Brand: AVENGE ™ Pour-on Lousicide for Sheep
PARASITES CONTROLLED (spectrum of activity)
- Sheep body lice Bovicola (Damalinia) ovis, on shorn sheep up to 7 days off shears and unshorn lambs up to 2 months of age
|Sheep weight (kg)||Dose rate (mL)|
|Up to 30 kg: One strip|
|6.0 - 8.0||12|
|8.1 - 10.0||15|
|10.1 - 12.5||20|
|12.6 - 15||25|
|15.1 - 20||30|
|20.1 - 30||40|
|Over 30 kg: Two strips|
|30.1 - 55||40|
|55.1 - 80||80|
|80.1 - 100||90|
- LD50 (acute oral) in rats: >5000 mg/kg (according to MSDS)
- LD50 (acute dermal) in rats: >2000 mg/kg (according to MSDS)
- Estimated hazard class according to the WHO: U = Unlikely to present acute hazard in normal use.
Suspected poisoning? Read the article on imidacloprid safety in this site.
Withholding periods (=withdrawal times) in days for meat & milk (country-specific differences may apply: read the product label)
- Meat: 21 days (ESI 63 days).
- Wool: 6 months.
- Milk for human consumption: Do not use on female sheep which are producing, or may in the future produce, milk or milk products for human consumption.
Imidacloprid and other neonicotinoids have been associated with bee colony collapse worldwide. In April 2013 the EU prohibited for two years the use of several neonicotinoids on various crops due to suspected detrimental effects on bee colonies. However there is so far no evidence that use on sheep may have a detrimental effect on bees.
WARNING !!!: Never use on humans, dogs or cats.
You may be interested in the following articles in this site dealing with the general safety of veterinary products:
- Safety for humans
- Safety for domestic animals
- Safety for the environment
- Hazard classifications of pesticides
Risk of resistance? LOW, in sheep body lice.
This means that if this product does not achieve the expected efficacy against the mentioned parasites, it is likely to be due to incorrect use and not to resistance. Incorrect use is the most frequent cause of product failure.
Imidacloprid, a neonicotinoid insecticide was introduced for body lice control of sheep in Australia around 2010. So far there are no reports on resistance or tolerance of body lice to imidacloprid in Australia or elsewhere. However, other pests have already developed resistance to imidacloprid and other neonicotinoids (e.g. houseflies) in several countries. And in the past, body lice have developed resistance to several classes of insecticides (e.g. synthetic pyrethroids, benzoylphenyl ureas) in Australia. Consequently it must be assumed that they will sooner or later develop resistance to imidacloprid as well, particularly if it is uninterruptedly used for years. To delay resistance development Integrated Pest Management (IPM) practices are a must, including product rotation with with lousicides showing mechanisms of action different from that of imidacloprid.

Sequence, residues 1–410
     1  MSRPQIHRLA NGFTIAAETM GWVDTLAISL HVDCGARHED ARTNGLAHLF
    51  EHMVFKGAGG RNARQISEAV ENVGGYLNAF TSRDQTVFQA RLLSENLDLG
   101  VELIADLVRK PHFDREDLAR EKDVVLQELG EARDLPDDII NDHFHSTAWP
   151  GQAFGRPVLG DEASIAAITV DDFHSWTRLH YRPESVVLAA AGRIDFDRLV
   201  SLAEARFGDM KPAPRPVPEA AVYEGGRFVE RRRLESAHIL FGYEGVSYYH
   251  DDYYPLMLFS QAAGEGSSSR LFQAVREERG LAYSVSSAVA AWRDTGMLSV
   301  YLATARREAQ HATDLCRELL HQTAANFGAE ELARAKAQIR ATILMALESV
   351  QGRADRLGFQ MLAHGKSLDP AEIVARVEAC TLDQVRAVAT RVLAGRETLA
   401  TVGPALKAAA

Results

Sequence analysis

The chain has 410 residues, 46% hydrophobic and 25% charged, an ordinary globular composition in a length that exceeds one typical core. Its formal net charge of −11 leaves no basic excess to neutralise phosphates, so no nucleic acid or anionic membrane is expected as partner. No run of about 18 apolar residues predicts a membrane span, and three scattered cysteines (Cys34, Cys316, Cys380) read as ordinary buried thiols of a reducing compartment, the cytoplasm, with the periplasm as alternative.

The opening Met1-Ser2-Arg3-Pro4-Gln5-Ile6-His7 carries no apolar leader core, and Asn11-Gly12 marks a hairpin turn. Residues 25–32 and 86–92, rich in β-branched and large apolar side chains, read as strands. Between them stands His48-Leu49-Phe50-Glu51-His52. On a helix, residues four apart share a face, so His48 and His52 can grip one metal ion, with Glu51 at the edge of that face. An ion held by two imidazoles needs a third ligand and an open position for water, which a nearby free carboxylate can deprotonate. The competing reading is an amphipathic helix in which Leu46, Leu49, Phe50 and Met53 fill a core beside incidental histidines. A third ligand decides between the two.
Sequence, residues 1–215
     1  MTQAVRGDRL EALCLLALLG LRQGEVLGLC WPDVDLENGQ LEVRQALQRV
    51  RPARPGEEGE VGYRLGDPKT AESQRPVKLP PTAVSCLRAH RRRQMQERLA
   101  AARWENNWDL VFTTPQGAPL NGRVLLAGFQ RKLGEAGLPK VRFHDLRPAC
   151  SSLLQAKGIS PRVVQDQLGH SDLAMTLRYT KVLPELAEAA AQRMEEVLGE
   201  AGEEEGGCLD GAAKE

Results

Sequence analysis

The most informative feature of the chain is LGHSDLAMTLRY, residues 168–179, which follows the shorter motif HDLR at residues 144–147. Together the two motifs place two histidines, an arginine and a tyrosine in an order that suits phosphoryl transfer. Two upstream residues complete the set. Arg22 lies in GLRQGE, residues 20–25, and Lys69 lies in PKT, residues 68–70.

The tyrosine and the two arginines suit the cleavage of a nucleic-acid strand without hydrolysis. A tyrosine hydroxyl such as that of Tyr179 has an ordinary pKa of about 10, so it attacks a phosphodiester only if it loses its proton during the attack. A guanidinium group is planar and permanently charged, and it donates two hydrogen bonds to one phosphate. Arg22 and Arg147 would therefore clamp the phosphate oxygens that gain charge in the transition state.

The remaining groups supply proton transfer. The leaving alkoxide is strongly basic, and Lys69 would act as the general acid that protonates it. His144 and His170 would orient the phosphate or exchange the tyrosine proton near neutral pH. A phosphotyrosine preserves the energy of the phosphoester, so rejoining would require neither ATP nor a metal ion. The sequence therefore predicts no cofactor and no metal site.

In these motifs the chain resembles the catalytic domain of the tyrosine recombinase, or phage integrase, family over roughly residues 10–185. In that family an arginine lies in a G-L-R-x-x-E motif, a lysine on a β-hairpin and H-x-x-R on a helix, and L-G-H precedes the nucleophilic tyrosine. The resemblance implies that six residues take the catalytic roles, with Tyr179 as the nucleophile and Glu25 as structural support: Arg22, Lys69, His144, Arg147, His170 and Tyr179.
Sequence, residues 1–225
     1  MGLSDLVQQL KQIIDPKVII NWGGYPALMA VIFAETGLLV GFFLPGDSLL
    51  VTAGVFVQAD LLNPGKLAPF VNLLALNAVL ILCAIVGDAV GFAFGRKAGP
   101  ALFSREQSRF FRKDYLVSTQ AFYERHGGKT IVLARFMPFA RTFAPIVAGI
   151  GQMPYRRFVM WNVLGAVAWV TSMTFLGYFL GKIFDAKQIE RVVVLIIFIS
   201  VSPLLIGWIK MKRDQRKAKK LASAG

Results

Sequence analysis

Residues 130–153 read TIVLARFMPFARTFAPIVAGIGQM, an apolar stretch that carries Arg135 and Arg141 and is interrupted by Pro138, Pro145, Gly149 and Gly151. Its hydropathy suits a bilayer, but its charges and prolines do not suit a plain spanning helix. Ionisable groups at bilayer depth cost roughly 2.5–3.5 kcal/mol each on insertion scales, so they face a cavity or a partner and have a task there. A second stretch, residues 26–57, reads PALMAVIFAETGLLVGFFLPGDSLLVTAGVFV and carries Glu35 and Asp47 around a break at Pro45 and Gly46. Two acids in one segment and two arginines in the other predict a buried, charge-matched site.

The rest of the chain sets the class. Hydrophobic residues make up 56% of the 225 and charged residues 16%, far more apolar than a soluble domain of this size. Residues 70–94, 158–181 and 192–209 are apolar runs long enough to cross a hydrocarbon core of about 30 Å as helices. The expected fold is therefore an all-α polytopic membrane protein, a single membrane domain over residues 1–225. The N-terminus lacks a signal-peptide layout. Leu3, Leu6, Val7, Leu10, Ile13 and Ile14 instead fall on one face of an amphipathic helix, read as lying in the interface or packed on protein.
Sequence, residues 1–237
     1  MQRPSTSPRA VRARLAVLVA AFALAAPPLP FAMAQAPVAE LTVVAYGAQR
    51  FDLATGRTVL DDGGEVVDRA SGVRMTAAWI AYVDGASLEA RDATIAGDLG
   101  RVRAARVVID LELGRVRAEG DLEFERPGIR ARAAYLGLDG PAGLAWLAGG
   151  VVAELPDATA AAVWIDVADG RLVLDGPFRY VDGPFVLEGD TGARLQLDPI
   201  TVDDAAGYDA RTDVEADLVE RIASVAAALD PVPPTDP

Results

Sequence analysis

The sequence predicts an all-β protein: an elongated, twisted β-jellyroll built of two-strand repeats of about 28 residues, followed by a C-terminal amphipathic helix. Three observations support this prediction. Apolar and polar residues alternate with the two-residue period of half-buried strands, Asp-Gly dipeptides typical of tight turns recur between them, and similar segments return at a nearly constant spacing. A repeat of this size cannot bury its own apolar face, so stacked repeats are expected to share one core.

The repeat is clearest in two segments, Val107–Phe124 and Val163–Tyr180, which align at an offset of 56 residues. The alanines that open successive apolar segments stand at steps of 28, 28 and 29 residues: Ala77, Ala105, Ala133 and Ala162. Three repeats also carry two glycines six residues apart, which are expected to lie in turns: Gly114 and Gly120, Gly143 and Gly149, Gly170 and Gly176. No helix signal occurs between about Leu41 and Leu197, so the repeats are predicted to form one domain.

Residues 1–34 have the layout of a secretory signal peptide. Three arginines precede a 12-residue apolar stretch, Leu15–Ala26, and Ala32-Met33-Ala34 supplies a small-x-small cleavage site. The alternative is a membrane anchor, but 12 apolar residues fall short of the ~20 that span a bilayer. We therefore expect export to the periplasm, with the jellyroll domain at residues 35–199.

- Benzoylphenyl ureas (IGRs): Significant resistance problems already in Australia.
- Macrocyclic lactones (e.g. doramectin, eprinomectin, ivermectin, moxidectin, etc.) only as pour-ons or for jetting. Injectables and drenches are ineffective against most external parasites.
- Organophosphates (most organophosphates have been withdrawn from the Australian market)
These alternative products may not be available in all countries, or may not be available as pour-ons.
Are the active ingredients of this product ORIGINAL* or GENERICS**?
*Meaning that they are still patent protected and generics are not yet available
**Meaning that they have lost patent protection and may be acquired from manufacturers of generic active ingredients other than the holder of the original patent.
COUNTRIES where this brand/product is marketed: Australia
GENERIC BRANDS available? NO, so far.
Click here to learn more about GENERIC vs. ORIGINAL drugs.
For an overview on the most used antiparasitic pour-on brands click here.
AVENGE Pour-on Lousicide for Sheep from BAYER is so far the only product containing imidacloprid approved for use on livestock in Australia. There are no products containing imidacloprid approved for livestock in the USA and in the EU. Although imidacloprid seems theoretically a suitable candidate for controlling flies and other insects that affect livestock, BAYER has not developed such products so far, for whatever reasons. Instead, after patent expiry a few local companies in Latin America have introduced several pour-ons with generic imidacloprid for fly control on cattle.
Imidacloprid, a neonicotinoid insecticide was introduced by BAYER in the early 1990s and is vastly used in pesticides for crop protection and for the control of public and household pests (cockroaches, termites, etc.). It is also vastly used in dogs and cats for flea control. As most other neonicotinoids it is a non-systemic contact insecticide, effective against a number of insect pests such as lice, fleas and flies. It has no acaricidal efficacy, i.e. it does not affect ticks or mites. It has no effect whatsoever on internal parasites (roundworms, tapeworms, flukes, etc.).
This article IS NOT A PRODUCT LABEL. It offers complementary information that may be useful to veterinary professionals and users that are not familiar with veterinary antiparasitics.
Information offered in this article has been extracted from publications issued by manufacturers, government agencies (e.g. EMEA, FDA, USDA, etc.) or in the scientific literature. No guarantee is given on its accuracy, integrity, sufficiency, actuality and opportunity, and any liability is denied. Read the site's DISCLAIMER.
In case of doubt contact the manufacturer or a veterinary professional.